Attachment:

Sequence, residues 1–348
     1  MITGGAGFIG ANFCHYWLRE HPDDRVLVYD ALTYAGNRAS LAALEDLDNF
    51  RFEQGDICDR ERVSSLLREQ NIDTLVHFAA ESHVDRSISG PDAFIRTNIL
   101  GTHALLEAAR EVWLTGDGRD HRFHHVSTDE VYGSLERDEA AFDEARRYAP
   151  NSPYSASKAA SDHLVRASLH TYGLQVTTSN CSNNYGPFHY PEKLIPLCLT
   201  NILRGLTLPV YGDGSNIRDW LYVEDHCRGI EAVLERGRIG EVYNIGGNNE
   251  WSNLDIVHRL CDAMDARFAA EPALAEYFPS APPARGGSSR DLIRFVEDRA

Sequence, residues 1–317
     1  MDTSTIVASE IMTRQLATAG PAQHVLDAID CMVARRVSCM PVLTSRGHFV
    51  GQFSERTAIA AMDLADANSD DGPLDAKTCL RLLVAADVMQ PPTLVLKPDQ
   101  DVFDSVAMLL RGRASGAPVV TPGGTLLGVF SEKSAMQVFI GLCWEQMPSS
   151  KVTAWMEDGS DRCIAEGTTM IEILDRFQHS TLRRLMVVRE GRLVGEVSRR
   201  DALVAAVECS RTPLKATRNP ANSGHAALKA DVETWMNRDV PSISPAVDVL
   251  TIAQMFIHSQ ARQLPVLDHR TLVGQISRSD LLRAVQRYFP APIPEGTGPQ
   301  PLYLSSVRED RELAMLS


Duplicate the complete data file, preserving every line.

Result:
Sequence, residues 1–348
     1  MITGGAGFIG ANFCHYWLRE HPDDRVLVYD ALTYAGNRAS LAALEDLDNF
    51  RFEQGDICDR ERVSSLLREQ NIDTLVHFAA ESHVDRSISG PDAFIRTNIL
   101  GTHALLEAAR EVWLTGDGRD HRFHHVSTDE VYGSLERDEA AFDEARRYAP
   151  NSPYSASKAA SDHLVRASLH TYGLQVTTSN CSNNYGPFHY PEKLIPLCLT
   201  NILRGLTLPV YGDGSNIRDW LYVEDHCRGI EAVLERGRIG EVYNIGGNNE
   251  WSNLDIVHRL CDAMDARFAA EPALAEYFPS APPARGGSSR DLIRFVEDRA

Sequence, residues 1–317
     1  MDTSTIVASE IMTRQLATAG PAQHVLDAID CMVARRVSCM PVLTSRGHFV
    51  GQFSERTAIA AMDLADANSD DGPLDAKTCL RLLVAADVMQ PPTLVLKPDQ
   101  DVFDSVAMLL RGRASGAPVV TPGGTLLGVF SEKSAMQVFI GLCWEQMPSS
   151  KVTAWMEDGS DRCIAEGTTM IEILDRFQHS TLRRLMVVRE GRLVGEVSRR
   201  DALVAAVECS RTPLKATRNP ANSGHAALKA DVETWMNRDV PSISPAVDVL
   251  TIAQMFIHSQ ARQLPVLDHR TLVGQISRSD LLRAVQRYFP APIPEGTGPQ
   301  PLYLSSVRED RELAMLS